Jeff Hancock, professor of communication, Stanford University

Such emails are hard to resist. “In 2020, Covid-19 was the powerful hook used to phish people, tapping into people’s basic human need for health and safety,” noted Stanford University communication professor Jeff Hancock, in Tessian’s report, which he helped produce. “Now we see more scams centered on crypto.”

While cyberbreaches cannot be eradicated completely, risks can be significantly reduced by properly training employees. All employees.

Arizona recently did just that, instituting an annual, full-scale cybertraining of every single state employee—all 36,000 of them.
The program represented a major policy shift. And it was required of staffers, from entry level to the director level. No matter how busy or important, if people didn’t do the training, their network access and privileges could be revoked.

[Read more: Every employee must now be part of the cybersecurity team]

Enhancing worker morale can strengthen cybersecurity

Perhaps the most ominous statistic from the Tessian survey concerns what some workers aren’t saying: Of those who made some sort of cybersecurity blunder, 21% chose not to report the mistake to their IT team in 2021 (up from 16% in 2020).

At heart, that kind of behavior is driven by a fear of the consequences and ultimately reflects an atmosphere of distrust and low morale. But how to solve that?

One option is to let IT teams lead the way, offering employees the same kind of seamless tech experience that IT provides to customers. The more IT can meet its internal users’ expectations, the more engaged those workers will become. More worker engagement leads to better interactions with customers (which translates into profits) and more attention to external threats.

[Read more: Improving the digital employee experience]

Investments in new technology pay defense dividends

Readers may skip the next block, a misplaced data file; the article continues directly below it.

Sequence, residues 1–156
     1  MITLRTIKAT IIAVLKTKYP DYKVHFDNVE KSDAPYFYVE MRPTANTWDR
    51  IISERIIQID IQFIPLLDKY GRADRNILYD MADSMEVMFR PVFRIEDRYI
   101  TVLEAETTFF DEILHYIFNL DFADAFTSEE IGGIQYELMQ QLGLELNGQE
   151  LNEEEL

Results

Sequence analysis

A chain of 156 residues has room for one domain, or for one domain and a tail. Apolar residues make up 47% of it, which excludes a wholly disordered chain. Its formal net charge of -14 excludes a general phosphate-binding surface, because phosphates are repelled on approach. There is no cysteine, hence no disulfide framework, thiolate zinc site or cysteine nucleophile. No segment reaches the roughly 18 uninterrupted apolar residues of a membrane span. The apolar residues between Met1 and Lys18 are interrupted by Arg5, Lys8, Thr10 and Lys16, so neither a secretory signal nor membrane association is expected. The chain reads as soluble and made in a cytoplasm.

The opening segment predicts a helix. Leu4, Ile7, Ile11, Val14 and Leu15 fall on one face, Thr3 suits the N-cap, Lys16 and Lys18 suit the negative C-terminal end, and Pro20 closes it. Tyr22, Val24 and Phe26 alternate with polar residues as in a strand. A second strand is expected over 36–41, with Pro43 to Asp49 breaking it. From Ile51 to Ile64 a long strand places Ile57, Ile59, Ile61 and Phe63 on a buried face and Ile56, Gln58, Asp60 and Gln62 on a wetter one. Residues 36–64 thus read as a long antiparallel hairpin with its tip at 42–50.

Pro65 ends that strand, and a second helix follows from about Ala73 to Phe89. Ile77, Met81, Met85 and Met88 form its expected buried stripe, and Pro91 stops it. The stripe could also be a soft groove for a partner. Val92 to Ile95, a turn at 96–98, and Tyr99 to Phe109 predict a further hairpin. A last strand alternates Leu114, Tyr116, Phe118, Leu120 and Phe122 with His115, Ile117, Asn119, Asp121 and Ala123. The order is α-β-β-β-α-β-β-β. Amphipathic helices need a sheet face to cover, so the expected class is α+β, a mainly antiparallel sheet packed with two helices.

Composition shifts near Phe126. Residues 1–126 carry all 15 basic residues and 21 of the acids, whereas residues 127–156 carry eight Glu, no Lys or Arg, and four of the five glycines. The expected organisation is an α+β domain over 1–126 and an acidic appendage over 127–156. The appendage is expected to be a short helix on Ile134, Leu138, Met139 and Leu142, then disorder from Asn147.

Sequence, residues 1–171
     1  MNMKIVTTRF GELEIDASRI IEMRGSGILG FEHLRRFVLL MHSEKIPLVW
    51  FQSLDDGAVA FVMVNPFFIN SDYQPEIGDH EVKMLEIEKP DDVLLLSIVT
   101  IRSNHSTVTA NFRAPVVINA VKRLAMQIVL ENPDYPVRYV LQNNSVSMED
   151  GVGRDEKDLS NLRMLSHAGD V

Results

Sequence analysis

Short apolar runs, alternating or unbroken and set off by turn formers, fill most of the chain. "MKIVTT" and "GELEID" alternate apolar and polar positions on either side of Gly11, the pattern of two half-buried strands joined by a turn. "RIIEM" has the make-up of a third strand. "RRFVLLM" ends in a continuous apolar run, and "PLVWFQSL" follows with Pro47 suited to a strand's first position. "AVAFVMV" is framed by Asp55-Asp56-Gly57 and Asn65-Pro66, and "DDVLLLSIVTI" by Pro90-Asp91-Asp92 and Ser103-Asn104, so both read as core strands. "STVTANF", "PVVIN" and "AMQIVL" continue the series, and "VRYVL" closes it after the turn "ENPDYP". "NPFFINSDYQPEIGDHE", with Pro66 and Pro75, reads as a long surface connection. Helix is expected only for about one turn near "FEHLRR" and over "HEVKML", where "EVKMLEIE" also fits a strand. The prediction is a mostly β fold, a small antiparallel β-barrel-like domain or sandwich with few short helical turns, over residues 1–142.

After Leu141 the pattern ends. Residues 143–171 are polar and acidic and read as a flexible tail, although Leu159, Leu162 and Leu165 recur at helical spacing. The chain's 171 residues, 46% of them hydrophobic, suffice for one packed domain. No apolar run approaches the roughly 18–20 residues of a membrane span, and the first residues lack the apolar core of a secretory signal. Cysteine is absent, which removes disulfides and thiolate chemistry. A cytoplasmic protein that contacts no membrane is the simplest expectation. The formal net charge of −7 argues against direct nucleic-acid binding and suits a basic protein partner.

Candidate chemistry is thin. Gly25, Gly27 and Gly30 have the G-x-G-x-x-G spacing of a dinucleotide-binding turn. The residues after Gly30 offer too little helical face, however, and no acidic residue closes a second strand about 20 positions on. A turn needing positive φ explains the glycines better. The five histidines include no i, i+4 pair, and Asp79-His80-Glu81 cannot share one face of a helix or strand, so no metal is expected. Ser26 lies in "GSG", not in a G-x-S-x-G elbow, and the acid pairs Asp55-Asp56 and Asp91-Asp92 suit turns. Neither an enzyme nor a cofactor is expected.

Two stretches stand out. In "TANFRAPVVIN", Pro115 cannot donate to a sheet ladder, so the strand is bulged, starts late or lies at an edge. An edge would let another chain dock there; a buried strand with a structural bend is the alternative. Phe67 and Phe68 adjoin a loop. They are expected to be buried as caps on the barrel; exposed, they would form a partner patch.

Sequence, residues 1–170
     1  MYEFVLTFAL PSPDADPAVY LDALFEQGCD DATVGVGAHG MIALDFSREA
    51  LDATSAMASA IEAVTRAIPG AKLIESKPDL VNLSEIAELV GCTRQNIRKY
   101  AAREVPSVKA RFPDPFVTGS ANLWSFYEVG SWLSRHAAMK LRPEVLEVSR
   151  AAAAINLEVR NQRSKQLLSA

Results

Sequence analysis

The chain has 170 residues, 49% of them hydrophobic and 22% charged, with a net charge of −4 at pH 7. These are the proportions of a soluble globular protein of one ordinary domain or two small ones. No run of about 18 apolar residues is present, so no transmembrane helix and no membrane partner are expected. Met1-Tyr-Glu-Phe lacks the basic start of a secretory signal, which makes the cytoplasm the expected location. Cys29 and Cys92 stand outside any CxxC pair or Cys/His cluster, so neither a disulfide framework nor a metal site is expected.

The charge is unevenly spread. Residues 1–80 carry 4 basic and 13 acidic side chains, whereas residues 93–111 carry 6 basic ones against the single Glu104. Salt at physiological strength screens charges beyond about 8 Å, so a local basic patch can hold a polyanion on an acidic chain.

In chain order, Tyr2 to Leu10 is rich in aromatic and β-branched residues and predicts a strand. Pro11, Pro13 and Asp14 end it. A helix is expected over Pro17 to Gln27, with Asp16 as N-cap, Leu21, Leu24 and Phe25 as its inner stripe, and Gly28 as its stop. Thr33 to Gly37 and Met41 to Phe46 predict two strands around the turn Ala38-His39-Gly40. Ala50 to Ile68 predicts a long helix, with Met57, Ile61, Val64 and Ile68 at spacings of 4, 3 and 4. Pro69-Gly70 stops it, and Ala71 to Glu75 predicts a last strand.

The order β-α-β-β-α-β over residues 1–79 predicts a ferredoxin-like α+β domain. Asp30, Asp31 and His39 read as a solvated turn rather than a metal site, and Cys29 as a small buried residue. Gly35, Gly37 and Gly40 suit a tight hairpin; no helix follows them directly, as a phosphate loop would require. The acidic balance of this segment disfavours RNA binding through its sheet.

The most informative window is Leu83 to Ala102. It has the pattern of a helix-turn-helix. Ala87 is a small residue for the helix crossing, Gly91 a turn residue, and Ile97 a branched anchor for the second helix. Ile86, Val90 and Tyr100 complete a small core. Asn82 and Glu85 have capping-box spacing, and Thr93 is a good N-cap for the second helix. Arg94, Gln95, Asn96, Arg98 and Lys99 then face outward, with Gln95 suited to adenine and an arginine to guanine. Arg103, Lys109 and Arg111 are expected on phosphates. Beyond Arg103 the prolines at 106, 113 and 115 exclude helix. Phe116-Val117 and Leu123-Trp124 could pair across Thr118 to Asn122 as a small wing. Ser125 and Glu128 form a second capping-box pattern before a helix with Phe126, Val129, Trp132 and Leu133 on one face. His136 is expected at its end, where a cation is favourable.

And why stop there? CEOs and CIOs are increasingly turning to less traditional, more creative ways to boost worker morale and combat burnout. One new frontier, in particular—the metaverse—may offer some promising options.

Bill Gates, Mark Zuckerberg, and an array of other business and tech leaders believe the metaverse—alternate 3-D realities accessed via virtual reality (VR) headsets and online platforms—may be where more and more of us will be spending our time. And not just for recreation. Business owners are exploring the ways in which this new technology can be used to hold virtual meetings and conferences.

“We seized the pandemic as an opportunity to rewire how we conducted employee meetings,” said Bret Starr, CEO of the B2B marketing agency Starr Conspiracy. Starr recently invested more than $20,000 on VR headsets to be used for meetings and observed a deeper connection between employees as a result.

Endpoint spoke to Starr and other business leaders in February for the first report in a series on how enterprises are using the metaverse to their advantage.

[Read more: Are metaverse meetings the answer to better employee engagement?]

Phishing scams rise in times of crisis. So does stress. As the Tessian report notes, “When employees are overwhelmed and stressed, they make mistakes that compromise security.” A human-first approach to security can help alleviate that problem.

“By empowering employees to make security decisions,” the report concludes, “people become another layer of defense in the enterprise.” And these days, we need all the defense we can get.

Joseph V. Amodio

Joseph V. Amodio is a veteran journalist, television writer, and the Editor-in-Chief of Focal Point. His work has appeared in The New York Times Magazine, Men's Health, Newsday, Los Angeles Times,, and, and has been syndicated in publications around the world. His docudramas have aired on Netflix, Discovery, A&E, and other outlets. He also produces Tanium’s new Let’s Converge podcast—listen here.